Image Credit: Digitized Sky Survey, ESA/ESO/NASA FITS Liberator — Color Composite: Davide De Martin (Skyfactory)

This bizarre celestial object is Simeis 147, the last remaining filaments of a supernova blast that reached our planet about 100,000 years ago. (Or its light, to be more specific)

Located in the constellation of Taurus about 3,000 light-year from Earth, Simeis 147 (also known as S147 or Sh2-240) is one of the most faint supernovae remnants discovered, and it covers a full 3 degrees of our night sky (or about 6 full moons). In comparison, this image covers the surface area of approximately 70 full moons!

Since the massive star responsible for the formation of this remnant collapsed, enriching the area with a myriad of heavy elements that can only be forged in the core of massive stars, the shell left behind has continued to expand. In fact, it spans an estimated distance of at least 150 light-years. Eventually, after several millions of years, it will disperse evenly…and the only thing left behind to indicate it ever existed at all will be a small (albeit dense) husk of a dead star (called a neutron star). However, it’s possible that the cloud of gas will collapse, giving birth to new stars. These new stars will live and then die. Ahh, the circle of star formation!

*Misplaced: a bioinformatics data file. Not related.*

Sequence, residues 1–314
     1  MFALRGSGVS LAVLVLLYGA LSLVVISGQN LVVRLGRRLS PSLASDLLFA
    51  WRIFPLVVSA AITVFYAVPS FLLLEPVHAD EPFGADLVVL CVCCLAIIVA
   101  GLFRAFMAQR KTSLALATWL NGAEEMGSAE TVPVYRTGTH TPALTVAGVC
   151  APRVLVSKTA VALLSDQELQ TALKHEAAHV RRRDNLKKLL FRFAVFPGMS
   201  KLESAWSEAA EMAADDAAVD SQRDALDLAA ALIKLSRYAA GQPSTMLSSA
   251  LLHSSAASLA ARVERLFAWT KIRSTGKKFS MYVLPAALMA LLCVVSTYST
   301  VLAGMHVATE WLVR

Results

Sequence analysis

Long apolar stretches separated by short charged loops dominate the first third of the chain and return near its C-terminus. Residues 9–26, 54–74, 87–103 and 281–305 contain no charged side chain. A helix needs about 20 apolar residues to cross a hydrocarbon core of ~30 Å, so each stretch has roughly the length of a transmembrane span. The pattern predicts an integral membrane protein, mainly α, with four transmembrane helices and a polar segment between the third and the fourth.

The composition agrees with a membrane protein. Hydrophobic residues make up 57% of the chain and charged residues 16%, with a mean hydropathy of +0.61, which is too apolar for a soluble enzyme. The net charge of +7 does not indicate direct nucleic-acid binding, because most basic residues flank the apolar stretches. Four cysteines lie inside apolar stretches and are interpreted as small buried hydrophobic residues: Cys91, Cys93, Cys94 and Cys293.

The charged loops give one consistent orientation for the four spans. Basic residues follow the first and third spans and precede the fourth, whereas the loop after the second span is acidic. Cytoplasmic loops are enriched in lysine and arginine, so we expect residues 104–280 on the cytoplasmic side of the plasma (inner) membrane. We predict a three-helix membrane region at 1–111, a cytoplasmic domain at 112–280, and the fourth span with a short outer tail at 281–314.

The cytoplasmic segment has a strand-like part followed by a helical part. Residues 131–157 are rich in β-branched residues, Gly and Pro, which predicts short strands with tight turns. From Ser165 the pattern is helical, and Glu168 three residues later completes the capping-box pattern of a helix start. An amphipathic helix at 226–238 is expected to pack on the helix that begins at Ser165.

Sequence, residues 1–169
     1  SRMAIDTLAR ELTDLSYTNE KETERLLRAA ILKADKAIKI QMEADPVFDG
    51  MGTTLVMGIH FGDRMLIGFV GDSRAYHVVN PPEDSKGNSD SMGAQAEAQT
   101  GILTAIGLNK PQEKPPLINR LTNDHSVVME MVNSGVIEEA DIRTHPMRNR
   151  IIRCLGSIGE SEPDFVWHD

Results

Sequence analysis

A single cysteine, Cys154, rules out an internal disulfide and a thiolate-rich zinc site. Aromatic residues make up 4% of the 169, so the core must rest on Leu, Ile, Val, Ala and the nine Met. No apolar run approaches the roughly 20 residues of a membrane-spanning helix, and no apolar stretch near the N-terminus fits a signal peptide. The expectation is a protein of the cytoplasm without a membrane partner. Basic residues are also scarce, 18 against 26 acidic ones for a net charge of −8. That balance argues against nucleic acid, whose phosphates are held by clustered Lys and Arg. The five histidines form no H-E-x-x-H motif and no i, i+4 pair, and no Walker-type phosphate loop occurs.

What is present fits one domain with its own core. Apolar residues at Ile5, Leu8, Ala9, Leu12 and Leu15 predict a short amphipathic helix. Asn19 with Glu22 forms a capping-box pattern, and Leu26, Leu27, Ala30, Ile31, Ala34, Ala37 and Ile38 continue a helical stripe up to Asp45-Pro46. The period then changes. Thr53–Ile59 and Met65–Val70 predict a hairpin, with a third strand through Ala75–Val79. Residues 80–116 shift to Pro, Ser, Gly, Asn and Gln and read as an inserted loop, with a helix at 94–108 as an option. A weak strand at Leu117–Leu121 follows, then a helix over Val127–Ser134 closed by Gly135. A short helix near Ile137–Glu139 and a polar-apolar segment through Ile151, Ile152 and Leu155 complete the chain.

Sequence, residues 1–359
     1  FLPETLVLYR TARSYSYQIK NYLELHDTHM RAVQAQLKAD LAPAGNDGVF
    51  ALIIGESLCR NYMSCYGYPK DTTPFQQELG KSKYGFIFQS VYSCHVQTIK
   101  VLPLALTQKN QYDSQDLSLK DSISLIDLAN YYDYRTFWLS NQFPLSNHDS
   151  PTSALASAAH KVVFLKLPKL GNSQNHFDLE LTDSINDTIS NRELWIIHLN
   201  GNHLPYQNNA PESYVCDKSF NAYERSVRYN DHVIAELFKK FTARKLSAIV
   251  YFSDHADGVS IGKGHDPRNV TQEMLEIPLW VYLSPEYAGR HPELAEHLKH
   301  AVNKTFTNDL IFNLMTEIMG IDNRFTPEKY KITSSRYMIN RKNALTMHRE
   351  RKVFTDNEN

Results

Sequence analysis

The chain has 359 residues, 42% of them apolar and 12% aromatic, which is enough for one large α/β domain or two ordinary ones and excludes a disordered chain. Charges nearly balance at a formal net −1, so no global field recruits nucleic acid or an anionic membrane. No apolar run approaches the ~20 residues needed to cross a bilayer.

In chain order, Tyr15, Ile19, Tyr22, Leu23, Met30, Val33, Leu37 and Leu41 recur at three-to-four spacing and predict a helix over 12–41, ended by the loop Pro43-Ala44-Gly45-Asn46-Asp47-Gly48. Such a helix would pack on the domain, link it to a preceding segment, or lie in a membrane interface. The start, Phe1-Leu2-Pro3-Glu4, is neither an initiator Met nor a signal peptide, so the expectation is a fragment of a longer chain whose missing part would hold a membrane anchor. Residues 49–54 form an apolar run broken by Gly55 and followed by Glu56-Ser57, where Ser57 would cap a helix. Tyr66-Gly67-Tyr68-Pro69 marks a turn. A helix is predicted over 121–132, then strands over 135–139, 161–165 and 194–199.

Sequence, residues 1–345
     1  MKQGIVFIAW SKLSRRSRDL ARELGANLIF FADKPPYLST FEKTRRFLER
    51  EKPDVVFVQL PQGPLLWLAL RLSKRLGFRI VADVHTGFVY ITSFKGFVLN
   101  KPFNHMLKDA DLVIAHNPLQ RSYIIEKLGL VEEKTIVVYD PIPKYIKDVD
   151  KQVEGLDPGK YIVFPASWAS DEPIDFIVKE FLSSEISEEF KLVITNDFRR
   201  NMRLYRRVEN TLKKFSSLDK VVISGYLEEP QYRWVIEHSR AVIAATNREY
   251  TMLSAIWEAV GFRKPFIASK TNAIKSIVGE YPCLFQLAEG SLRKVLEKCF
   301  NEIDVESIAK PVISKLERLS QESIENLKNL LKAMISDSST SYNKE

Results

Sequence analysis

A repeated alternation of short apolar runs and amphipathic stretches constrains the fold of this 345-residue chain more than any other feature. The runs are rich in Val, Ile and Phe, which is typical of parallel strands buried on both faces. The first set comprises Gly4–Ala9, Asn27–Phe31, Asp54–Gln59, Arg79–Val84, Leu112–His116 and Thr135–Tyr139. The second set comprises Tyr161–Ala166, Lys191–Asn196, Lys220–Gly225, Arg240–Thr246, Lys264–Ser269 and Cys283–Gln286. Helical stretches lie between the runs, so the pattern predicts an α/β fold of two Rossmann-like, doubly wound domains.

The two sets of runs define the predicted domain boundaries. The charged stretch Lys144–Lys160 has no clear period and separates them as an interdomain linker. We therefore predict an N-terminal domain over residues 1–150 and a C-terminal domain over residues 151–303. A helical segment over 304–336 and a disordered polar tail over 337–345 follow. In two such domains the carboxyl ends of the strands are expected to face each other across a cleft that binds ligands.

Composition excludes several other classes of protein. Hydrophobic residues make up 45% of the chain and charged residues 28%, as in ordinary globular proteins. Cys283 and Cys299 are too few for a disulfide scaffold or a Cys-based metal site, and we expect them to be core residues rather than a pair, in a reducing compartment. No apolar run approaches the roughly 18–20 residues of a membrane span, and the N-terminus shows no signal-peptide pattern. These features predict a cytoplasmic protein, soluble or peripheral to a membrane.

See a larger image here

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